Credit Mistakes That Could Ruin Your Retirement
Retirement can be a great reward for decades of hard work, saving and investing wisely. But unless you’re particularly wealthy, retirement is often built upon a relatively fragile financial foundation. One major mistake can bring your retirement plans crashing down. Avoiding the following mistakes can help preserve the retirement you’ve worked so hard to build.
Co-signing on Your Kid’s Loan
You’re nearing retirement, you’ve built good credit, and your child asks you to co-sign a mortgage on the house of her dreams. Although you may want to help, the danger is that if he or she can’t keep up with the monthly payments, then you’re liable for the payments. As you approach retirement, your focus should be on eliminating debt, not taking on more while on a fixed income.
Raiding Your Retirement Funds
Borrowing from your 401k can be a tempting option, especially when the interest rate to borrow is low. However, you actually lose more because you miss out on earnings you may have gained had you left the money in the account. You may also have to pay taxes and/or penalties on the money you receive depending on your personal situation.
Having Too Much Debt
Not only might it be hard for you to make payments on your debt on a limited income, but it will also impact your credit and make it harder to get a loan should an emergency arise. A reasonable amount of debt can be OK in retirement, some financial advisors say; the key is to keep it manageable. If you’re concerned you might have too much debt, consider using a financial debt calculator and come up with a plan for paying down your debt before you retire.
Having No Credit
While having unmanageable debt is burdensome, some of the older generation have proudly avoided debt to the extent that they don’t use or own a credit card. While this can be great in many ways, it can hurt if life throws you a curve ball and you need to borrow money. Not having an active credit history may make it harder or more expensive to get a loan when you need it.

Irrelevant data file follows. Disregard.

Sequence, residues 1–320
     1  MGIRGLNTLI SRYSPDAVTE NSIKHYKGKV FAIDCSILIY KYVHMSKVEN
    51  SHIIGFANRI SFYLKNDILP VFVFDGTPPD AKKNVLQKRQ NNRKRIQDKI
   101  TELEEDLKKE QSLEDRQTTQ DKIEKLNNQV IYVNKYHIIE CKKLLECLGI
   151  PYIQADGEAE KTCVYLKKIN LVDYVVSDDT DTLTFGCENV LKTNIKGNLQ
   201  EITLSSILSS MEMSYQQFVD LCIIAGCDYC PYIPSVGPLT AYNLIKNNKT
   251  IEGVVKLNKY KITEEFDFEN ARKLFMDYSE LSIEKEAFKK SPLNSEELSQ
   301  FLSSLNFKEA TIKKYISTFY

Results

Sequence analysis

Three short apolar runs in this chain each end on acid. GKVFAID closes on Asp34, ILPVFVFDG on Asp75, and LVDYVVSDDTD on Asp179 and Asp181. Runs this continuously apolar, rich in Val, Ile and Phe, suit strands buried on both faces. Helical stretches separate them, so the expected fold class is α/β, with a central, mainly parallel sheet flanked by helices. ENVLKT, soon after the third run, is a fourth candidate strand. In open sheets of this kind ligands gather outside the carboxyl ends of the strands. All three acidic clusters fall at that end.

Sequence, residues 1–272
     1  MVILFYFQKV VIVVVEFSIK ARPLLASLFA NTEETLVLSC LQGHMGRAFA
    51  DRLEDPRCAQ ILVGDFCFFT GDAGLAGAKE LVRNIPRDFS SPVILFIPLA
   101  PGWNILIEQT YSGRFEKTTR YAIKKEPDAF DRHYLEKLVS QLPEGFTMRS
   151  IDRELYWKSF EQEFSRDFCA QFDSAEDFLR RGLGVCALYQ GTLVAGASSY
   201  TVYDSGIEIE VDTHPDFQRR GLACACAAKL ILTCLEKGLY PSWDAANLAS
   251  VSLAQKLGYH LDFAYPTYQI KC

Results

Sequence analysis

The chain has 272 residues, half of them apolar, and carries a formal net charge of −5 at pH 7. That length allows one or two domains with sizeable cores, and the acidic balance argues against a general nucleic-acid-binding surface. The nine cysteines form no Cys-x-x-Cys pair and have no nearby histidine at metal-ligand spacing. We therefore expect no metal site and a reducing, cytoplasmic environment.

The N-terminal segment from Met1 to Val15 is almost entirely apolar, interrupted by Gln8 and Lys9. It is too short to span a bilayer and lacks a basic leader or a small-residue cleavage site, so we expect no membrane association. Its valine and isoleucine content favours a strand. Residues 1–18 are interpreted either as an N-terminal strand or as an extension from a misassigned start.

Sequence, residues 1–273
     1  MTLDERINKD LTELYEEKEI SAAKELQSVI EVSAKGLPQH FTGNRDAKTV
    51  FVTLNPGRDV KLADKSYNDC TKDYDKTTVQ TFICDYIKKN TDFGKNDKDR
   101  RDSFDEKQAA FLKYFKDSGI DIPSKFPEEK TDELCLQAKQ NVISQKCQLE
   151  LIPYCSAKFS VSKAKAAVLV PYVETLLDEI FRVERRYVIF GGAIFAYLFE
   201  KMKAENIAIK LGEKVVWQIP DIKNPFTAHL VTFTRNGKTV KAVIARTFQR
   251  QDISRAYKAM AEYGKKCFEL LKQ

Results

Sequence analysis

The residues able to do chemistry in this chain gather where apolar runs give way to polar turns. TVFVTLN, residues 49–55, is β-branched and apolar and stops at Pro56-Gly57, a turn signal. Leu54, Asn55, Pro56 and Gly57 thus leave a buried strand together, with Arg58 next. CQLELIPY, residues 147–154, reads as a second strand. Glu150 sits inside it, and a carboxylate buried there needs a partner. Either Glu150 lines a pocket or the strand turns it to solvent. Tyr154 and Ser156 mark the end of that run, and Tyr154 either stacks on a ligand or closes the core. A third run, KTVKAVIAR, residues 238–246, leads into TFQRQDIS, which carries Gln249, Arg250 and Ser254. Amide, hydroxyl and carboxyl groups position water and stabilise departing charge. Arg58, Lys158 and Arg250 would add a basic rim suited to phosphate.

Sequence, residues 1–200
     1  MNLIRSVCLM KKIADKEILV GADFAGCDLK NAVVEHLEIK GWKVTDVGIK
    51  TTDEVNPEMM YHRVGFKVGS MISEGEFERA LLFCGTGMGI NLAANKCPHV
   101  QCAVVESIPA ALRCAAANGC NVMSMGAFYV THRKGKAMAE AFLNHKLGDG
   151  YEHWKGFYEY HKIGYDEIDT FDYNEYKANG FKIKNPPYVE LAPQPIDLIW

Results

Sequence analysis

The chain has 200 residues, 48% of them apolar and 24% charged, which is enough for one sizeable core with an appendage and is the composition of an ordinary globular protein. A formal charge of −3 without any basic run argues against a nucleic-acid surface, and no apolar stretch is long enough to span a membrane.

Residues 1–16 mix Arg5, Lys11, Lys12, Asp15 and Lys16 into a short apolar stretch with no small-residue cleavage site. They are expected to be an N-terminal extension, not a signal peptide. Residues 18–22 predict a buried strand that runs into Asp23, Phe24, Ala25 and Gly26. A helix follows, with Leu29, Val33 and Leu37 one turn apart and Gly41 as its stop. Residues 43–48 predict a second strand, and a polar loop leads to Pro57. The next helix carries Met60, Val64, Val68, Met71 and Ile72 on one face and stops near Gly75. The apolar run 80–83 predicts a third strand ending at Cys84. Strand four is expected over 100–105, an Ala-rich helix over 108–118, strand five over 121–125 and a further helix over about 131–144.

Not Checking Your Credit Report
Identity thieves have been known to target seniors because they often have more disposable income and good credit histories. For this reason, it is important to check your credit report at least quarterly so you can spot suspicious activity early.
About the Author
Ginger Dean is the owner and founder of GirlsJustWannaHaveFunds.com where she empowers women to take charge of their finances. Featured on several major news outlets, she has also taped a reality series episode featuring her Meetup group of over 500 women in Washington, DC.
This article is provided for general guidance and information. It is not intended as, nor should it be construed to be, legal, financial or other professional advice. Please consult with your attorney or financial advisor to discuss any legal or financial issues involved with credit decisions.
Published by permission from ConsumerInfo.com, Inc. © 2014 ConsumerInfo.com, Inc. All rights reserved.